What it takes to produce quality-meat ducks

Reputation counts for everything in the food business – and even more so if your name is attached to your product.

As such, East Anglian duck producer Gressingham has been a solid supporter of the British Poultry Council’s Duck Assurance Scheme (DAS), first launched in 2010 and now affiliated to the Red Tractor.

Indeed, since April last year, all company farms and contract growers have had to be DAS members.

“Duck welfare has always been at the top of our priority list,” says commercial farms manager Andrew Ballantyne.

“But high standards are a pre-requisite at all stages, and that requires great attention to detail.”

See also: RSPCA under fire for attacking duck-rearing standards

The scheme is certainly comprehensive. The section covering table birds alone runs to 65 pages, and there are similar-sized sections for breeder replacements, breeder layers, hatcheries and free-range ducks.

Gressingham Ducks

  • £100m turnover and growing
  • 7.8-8.0 million barn-reared ducks a year – Pekin cross Mallard
  • 200,000 free-range ducks
  • 485,000 turkeys and 88,000 geese
  • 57% of birds from company-owned farms
  • 43% of birds from contracted growers

The scheme covers all manner of activities, from traceability to transport. But the crux of it at farm level relates to things such as bird health, biosecurity, housing, handling, feed and water.

“All our birds are inspected three times a day to check for signs of illness, injury or stress,” says Dr Ballantyne. This involves more than just a cursory glance, with the stockman slowly walking among the birds, encouraging them to move.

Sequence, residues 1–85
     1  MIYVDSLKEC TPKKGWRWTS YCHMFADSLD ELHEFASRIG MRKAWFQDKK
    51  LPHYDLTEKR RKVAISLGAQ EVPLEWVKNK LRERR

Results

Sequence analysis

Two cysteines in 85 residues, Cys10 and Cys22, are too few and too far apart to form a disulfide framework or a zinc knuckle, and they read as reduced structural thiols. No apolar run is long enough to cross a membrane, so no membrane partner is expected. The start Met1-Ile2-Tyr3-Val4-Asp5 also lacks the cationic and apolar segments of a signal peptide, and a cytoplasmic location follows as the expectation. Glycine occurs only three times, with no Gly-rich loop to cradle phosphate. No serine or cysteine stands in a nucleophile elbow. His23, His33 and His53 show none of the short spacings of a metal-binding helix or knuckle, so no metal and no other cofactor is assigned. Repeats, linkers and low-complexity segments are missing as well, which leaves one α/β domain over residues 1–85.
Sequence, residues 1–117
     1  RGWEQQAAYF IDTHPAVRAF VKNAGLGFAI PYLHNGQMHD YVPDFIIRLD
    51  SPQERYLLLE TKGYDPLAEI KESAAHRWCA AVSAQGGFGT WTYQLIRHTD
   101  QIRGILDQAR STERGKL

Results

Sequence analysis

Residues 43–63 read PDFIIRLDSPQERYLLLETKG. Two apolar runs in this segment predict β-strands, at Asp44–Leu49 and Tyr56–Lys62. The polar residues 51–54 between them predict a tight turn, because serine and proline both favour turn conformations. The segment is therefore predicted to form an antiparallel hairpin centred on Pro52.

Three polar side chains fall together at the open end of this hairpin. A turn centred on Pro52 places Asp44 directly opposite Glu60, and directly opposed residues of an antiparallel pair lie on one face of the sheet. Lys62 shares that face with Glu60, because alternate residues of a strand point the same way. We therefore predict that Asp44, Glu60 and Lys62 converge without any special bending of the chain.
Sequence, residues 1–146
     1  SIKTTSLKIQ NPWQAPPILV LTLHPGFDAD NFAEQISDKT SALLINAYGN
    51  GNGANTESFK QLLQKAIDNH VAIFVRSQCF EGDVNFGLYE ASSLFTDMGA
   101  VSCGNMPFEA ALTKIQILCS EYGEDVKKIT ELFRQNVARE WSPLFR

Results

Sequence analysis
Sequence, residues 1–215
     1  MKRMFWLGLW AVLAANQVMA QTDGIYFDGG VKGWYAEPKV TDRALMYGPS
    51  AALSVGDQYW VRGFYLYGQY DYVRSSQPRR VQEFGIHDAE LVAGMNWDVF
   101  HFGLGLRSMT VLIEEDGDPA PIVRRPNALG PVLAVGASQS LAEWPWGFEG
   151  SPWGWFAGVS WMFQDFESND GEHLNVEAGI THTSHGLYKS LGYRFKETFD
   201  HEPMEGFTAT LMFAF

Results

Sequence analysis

Full records are kept following each inspection, and every farm has a written health plan, which must be reviewed annually.

A detailed production record is also kept, to monitor things such as water consumption, mortality, house temperature and use of medication.

Salmonella control is another key part of the DAS, with birds swabbed at three weeks old and/or litter samples taken two weeks prior to slaughter.

Biosecurity protocols are also spelled out, including visitor records, foot-dips, footwear, overalls and hand-washing facilities.

“We change our foot-dips at least twice a week, and sometimes more,” says Dr Ballantyne.


Providing a desirable living space is another key part of the DAS, and at Gressingham this means natural daylight, with all sheds having windows and/or curtains.

The ducks are given a minimum of six hours continuous darkness as part of the lighting programme, and dimmers are used to simulate dawn and dusk periods in the winter months.

Ventilation is also important, to reduce humidity and maintain temperature.

Most of Gressingham’s sheds are set up with canopy gas brooders and tunnel ventilation, and there are typically three-zoned temperature sensors in each building, linked to alarms.

But if there is one issue that really grabs the attention as part of the DAS, it is access to water.

Half of all water space must be provided by open water systems. But under DAS, water may also be provided via bell drinkers and/or nipple drinkers.